A little over a year ago, in Dealing With A Lighter Shade Of MERS, we looked at the scenario where this emerging coronavirus needn’t acquire enhanced transmissibility or start to sweep madly across the landscape to become a serious public health issue.
Instead of sparking a pandemic, it could simply start brush fires - much like the one we are seeing in South Korea - that could instill fear in the populace, damage local economies, and seriously impact public health resources.
And while the focus today is on MERS, the simple truth is we could easily replay what is happening in Korea with H5N1, or H7N9, Ebola, or any other highly pathogenic virus.
A single introduction by an infected traveler - combined with a little bad luck - could easily lead to an outbreak anywhere on the earth.
While not necessarily a pandemic threat, you nonetheless end up with a local public health crisis which can exact a heavy toll in both lives and money.
We know this, because it has happened before. A couple of recent examples . . .
In late 2013 Chikungunya arrived on the Caribbean Island of St. Martins - likely carried in by an unidentified viremic tourist - and in short order it spread to neighboring islands. Within a few months it had extended its reach into South and Central America, and has now infected roughly 1.5 million people in the Americas.
|PAHO - 2015 autochthonous Chikungunya|
Essentially the same thing happened in 1999 when West Nile Virus arrived in New York City, and within a few years had spread across the lower 48 states of the United States, infecting thousands and killing scores every year. Both Chikungunya and WNV are helped considerably by having a competent vector (Aedes mosquitoes) to maintain endemicity.
But even flash-in-the-pan outbreaks, which can be quickly contained, are costly.
Last year's importations of Ebola and MERS into the United States illustrate how expensive and disruptive they can be; hundreds of people potentially exposed, scores of healthcare workers furloughed to home isolation, extensive contact tracing & testing programs initiated, and scores of lives and jobs interrupted.
Luckily, no community spread of either virus occurred. But the next time we might not be so lucky.
Even if community transmission is considered a long shot, it must be taken seriously by public health agencies. Every time an infected traveler is detected – even if we are talking a relatively small number – it sets into motion a very resource intensive public health response.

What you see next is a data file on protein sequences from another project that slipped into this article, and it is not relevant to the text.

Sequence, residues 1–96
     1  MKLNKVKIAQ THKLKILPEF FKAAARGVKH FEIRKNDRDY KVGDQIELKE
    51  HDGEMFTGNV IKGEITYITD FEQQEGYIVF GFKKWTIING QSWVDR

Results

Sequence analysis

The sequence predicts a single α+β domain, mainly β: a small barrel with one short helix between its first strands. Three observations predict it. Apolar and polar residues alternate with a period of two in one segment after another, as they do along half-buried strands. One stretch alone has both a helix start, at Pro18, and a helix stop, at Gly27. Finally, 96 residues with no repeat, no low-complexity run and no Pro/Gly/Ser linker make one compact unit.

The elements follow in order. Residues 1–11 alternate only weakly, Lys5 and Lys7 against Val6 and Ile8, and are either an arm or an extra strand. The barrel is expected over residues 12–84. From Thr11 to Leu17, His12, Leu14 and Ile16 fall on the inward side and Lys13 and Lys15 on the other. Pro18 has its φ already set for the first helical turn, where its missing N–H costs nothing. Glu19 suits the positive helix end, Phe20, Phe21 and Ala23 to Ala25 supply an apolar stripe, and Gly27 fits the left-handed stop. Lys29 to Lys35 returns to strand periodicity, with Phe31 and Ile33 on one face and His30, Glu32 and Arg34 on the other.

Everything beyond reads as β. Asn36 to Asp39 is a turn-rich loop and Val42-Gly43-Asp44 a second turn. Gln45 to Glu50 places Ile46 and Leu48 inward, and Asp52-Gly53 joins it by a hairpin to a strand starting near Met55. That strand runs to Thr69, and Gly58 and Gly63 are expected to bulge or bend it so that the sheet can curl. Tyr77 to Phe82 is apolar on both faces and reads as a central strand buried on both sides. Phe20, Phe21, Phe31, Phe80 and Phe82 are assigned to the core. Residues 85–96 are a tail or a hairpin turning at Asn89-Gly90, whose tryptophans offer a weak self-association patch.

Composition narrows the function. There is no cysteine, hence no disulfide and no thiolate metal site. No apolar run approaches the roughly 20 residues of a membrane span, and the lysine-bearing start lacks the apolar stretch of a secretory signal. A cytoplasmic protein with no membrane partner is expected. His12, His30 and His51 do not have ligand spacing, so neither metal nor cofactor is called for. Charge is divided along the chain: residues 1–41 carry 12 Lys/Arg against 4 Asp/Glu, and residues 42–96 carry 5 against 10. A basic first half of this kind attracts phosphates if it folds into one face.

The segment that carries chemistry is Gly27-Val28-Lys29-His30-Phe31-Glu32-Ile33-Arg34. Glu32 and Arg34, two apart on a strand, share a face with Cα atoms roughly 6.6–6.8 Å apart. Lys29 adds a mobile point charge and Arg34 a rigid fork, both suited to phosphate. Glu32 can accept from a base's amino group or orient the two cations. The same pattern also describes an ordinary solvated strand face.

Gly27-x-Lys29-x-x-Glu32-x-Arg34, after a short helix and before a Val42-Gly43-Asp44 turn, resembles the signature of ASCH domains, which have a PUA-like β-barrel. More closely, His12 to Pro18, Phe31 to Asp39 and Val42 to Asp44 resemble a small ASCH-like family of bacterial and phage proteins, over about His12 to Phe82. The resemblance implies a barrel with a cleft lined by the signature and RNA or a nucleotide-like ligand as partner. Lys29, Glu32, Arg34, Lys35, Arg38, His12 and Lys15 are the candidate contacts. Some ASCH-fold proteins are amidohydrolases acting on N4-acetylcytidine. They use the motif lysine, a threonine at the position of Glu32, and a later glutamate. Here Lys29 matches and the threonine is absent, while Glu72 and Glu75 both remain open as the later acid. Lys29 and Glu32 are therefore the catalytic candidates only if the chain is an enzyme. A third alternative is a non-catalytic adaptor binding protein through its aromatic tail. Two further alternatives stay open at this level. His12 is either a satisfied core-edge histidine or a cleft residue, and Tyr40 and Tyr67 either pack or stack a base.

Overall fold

And this impact extends beyond the few infected arrivals that may show up at the gate – as anyone symptomatic and with a travel history to an area where there are major outbreaks of MERS, or Ebola, or Avian flu must be isolated, tested, and their infection ruled out.
If that doesn’t sound like a big deal, consider these opening lines from a Clinical Infectious Diseases study - Unmasking Masks in Makkah: Preventing Influenza at Hajj – from 2012.
Each year more than 2 million people from all over the world attend the Hajj pilgrimage to Saudi Arabia. At least 60% of them develop respiratory symptoms there or during outward or homebound transit [1, 2]
While the vast majority of these respiratory infections will no doubt be due to rhinoviruses or influenza, figuring out which ones might be due to the MERS coronavirus will be a pretty tall order. And a challenge that must be faced by scores of countries - some far less equipped to do so than others – with returning pilgrims from all around the globe.
While pandemics are far more dramatic and costly, the stakes in this never-ending battle against imported infectious diseases rises every year, even as many public health agencies see cuts in their operating budgets.
A risky strategy, since when it comes to protecting public's health, officials needs to get it right pretty much 100% of the time, while an emerging virus only needs to only succeed once.